"Feast Or Famine, Our Choice"
Sermon Preached By Rev. Richard E. Stetler - 10/10/1999
Exodus 32:1-14; Matthew 22:1-14
Let me give you an example. St. Matthew's is a very visible church. Every month certain people find our building an attractive place to shop when they are looking for economic help. They come with their stories of being evicted, of spousal abuse, of needing money for bus fare and they want St. Matthew's to provide it. They come with a sense of urgency, honestly believing that money will solve their problems. What can unconditional love do?
In the Sermon on the Mount, Jesus taught us to give without counting the cost. In the parable of the Good Samaritan, Jesus gave us an example of how to be good neighbors. In the story of the talents, Jesus was teaching us how to be good stewards with the resources we have. And once Jesus taught, "If someone will not welcome or listen to you, then leave them and shake the dust off your feet." There are plenty of teachings from Jesus that can be used to support any response to such people. Again, what can unconditional love do?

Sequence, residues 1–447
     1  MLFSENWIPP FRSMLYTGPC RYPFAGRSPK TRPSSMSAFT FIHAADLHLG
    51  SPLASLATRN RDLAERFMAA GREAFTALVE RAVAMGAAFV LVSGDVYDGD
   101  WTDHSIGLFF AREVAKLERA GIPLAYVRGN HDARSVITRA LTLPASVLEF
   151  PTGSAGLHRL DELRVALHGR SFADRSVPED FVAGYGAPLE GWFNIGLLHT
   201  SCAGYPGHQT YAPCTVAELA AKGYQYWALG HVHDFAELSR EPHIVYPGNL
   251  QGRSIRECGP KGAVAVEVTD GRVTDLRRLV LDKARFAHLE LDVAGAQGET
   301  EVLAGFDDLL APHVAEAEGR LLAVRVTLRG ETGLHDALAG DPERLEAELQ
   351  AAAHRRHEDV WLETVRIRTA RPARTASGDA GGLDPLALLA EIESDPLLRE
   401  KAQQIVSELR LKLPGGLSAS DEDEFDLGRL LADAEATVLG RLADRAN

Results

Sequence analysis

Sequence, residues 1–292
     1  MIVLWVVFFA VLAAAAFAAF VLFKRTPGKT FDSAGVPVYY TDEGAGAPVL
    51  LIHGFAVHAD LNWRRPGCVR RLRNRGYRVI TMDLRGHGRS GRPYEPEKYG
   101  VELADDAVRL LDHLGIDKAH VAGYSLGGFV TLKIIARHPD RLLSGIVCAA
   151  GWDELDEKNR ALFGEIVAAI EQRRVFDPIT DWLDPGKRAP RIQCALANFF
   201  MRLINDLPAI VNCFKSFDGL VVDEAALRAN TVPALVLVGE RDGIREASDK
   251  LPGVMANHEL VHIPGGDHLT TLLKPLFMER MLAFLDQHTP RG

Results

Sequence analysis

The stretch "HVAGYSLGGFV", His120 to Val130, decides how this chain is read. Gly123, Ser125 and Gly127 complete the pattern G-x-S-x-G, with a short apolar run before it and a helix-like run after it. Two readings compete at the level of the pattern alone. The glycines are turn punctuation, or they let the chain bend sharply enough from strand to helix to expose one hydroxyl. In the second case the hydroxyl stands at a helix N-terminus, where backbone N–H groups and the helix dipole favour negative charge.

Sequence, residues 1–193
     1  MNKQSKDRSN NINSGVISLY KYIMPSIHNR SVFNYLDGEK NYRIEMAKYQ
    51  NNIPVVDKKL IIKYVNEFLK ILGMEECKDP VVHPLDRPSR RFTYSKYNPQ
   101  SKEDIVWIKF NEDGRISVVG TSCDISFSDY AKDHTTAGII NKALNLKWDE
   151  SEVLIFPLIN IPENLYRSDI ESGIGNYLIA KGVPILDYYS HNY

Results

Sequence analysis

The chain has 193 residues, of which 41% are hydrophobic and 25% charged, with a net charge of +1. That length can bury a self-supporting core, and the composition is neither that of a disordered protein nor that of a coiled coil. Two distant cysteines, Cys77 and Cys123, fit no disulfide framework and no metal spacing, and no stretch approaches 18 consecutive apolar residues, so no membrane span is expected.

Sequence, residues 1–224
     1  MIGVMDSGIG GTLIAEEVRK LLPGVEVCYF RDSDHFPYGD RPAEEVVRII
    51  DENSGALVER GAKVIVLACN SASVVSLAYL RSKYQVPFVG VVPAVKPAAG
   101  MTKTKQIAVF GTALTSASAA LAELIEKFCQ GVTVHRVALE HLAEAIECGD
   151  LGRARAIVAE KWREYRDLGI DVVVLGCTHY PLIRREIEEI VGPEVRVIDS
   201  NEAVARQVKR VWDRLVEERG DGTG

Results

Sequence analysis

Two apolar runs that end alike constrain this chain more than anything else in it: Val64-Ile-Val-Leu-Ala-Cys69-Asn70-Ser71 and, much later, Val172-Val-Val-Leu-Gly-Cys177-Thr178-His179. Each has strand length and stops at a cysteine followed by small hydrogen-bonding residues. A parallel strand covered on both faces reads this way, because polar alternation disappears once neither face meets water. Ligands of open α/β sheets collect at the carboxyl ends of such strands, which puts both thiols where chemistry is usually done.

For some people, giving money and providing loving support may not be enough to help them. Is it the duty or obligation of unconditional love to give people money on demand? This has been one of the challenges churches face constantly. What is so frustrating for churches is that quite often people have not come into these circumstances without first having made a lot of other decisions. Thinking of the church as a source of income is like screaming to God, "I want you to give me happiness!" Happiness cannot and will not come this way.
The tragic stories of some lottery winners, some high profile movie stars, and some of the instant millionaires in the technology sector of our society have demonstrated this truth over and over again. Money is seldom the answer for anyone in trouble with life. It is like handing a bandaid to someone with a wounded spirit. Money will not translate into what they need, although they fervently believe that it will. As we will see, the Kingdom of God has consequences for everyone. In some respects, life in the Kingdom mirrors the choices we have in our country.